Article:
You may think that alcoholism and heavy drinking amount to a distinction without a difference, but a 2014 study from the U.S. Centers for Disease Control and Prevention (CDC) and another U.S. government agency, the Substance Abuse and Mental Health Services Administration (SAMHSA), defined “excessive drinking” and distinguished it from alcoholism.
The study was based on data from 138,100 U.S. adults who participated in the National Survey on Drug Use and Health (NSDUH) in 2009, 2010, or 2011, which contained questions about current drinking, binge drinking, average alcohol consumption, and symptoms of alcohol dependence.
The researchers defined excessive drinking as binge drinking (four or more drinks on a single occasion for women, five or more drinks on a single occasion for men); consuming eight or more drinks a week for women or 15 or more drinks a week for men; any alcohol use by pregnant women or anyone under the minimum legal drinking age of 21.
Alcoholism was defined as a chronic medical condition that typically includes a current or past history of excessive drinking, a strong craving for alcohol, continued use of alcohol despite repeated problems with drinking, and an inability to control alcohol consumption.
The study determined that nearly one in three adults in the U.S. drinks excessively, and that most of them binge drink, usually on multiple occasions in a month. It also concluded that one in 30 adults is alcohol dependent. The researchers concluded that rates of alcohol dependence increase with the amount of alcohol consumed and that about 10 percent of binge drinkers are alcohol dependent, as are 30 percent of people who binge frequently (10 or more times a month).
Signs of alcoholism include continuing to drink even though it causes serious problems in your life, a physical dependence on alcohol, and an increasing tolerance, so that you need to consume more and more to feel its effects.
In its summary, the CDC found that excessive alcohol use and alcohol dependence contribute to 88,000 deaths annually in the U.S. This includes deaths from diseases associated with excessive drinking over time, such as breast cancer, liver disease and heart disease as well as violence, alcohol poisoning and motor vehicle accidents as a result of drinking too much in a short period of time.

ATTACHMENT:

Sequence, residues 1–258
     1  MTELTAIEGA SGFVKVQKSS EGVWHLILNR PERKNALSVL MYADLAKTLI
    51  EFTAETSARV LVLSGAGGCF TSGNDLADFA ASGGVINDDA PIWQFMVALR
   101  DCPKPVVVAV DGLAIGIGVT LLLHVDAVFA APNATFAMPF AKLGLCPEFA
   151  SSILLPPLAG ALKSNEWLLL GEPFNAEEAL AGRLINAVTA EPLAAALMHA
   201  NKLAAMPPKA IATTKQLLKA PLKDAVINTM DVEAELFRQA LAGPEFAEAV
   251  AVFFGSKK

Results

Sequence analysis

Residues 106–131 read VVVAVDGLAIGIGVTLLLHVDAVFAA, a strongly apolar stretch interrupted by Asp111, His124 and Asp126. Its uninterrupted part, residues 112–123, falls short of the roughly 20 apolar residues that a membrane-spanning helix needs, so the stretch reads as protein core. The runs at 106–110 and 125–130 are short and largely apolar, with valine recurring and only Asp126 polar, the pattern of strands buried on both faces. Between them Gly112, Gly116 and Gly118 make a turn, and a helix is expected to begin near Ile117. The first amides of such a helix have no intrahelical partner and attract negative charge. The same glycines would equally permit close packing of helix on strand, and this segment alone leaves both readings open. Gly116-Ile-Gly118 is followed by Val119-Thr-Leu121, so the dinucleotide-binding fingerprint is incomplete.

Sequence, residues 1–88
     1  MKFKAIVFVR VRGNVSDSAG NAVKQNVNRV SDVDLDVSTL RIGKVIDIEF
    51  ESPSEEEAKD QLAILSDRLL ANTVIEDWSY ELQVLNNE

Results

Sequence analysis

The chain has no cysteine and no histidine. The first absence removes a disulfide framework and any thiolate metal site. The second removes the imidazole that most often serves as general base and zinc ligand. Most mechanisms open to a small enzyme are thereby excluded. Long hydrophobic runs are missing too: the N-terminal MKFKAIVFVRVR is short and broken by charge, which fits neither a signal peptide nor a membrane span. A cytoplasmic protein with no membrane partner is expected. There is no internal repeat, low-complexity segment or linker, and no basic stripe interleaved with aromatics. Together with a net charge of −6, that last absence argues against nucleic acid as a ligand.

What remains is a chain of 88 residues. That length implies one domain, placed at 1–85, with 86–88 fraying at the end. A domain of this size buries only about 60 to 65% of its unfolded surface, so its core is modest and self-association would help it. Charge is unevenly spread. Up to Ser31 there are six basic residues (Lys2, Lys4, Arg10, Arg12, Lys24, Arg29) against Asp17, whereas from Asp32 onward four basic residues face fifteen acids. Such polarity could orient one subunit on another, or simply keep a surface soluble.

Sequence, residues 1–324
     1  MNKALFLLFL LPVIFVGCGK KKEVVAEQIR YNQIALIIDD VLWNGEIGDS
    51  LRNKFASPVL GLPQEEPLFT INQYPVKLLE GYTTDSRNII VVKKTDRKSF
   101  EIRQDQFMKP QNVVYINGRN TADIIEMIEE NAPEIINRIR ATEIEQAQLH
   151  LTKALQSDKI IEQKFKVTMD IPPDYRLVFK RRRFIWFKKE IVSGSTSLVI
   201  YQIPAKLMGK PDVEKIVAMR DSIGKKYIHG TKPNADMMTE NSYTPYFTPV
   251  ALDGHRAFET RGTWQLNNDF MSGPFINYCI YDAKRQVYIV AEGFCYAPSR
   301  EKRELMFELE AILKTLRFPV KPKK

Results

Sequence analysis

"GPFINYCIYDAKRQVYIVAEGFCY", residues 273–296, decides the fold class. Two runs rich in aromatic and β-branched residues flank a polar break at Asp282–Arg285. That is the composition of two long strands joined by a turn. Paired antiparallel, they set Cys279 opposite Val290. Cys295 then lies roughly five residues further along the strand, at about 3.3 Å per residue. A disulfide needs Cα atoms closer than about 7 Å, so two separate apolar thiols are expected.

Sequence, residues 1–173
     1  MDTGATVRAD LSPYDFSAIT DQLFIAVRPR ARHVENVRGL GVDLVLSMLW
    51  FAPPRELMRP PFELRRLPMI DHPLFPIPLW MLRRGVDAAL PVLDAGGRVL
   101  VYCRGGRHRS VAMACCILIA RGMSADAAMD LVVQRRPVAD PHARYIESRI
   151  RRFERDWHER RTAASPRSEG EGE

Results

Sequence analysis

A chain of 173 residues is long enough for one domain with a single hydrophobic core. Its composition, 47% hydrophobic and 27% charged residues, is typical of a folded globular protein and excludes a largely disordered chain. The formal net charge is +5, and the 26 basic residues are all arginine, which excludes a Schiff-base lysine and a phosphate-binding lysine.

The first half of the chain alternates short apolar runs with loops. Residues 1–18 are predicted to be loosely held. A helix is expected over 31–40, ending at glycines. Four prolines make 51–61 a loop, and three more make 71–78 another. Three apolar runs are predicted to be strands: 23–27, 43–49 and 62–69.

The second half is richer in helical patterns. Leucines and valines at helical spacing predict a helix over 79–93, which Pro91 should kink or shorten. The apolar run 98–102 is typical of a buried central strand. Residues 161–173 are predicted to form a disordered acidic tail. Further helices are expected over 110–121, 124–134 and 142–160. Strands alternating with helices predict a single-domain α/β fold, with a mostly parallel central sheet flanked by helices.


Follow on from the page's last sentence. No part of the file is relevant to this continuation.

There are other serious risks. Alcohol is a factor in about 60 percent of fatal burn injuries, drownings, and homicides; 50 percent of severe trauma injuries and sexual assaults; and 40 percent of fatal motor vehicle accidents, suicides, and fatal falls. Heavy drinking also puts you at greater risk of liver and nervous system disease, heart disease, sleep disorder, stroke, depression, bleeding from the stomach, and sexually transmitted infections from practicing unsafe sex, according to the National Institute on Alcohol Abuse and Alcoholism (NIAAA).
It matters whether or not a drinker is alcoholic in that treatment for alcoholism is not considered appropriate for heavy drinkers. Instead, the study suggested that state and local programs that increase the cost and limit the availability of alcohol might deter some heavy drinkers and that counseling might be beneficial.
Andrew Weil, M.D.
Marissa Esser et al, “Prevalence of Alcohol Dependence Among US Adult Drinkers, 2009–2011.” Preventing Chronic Disease, doi.org/10.5888/pcd11.140329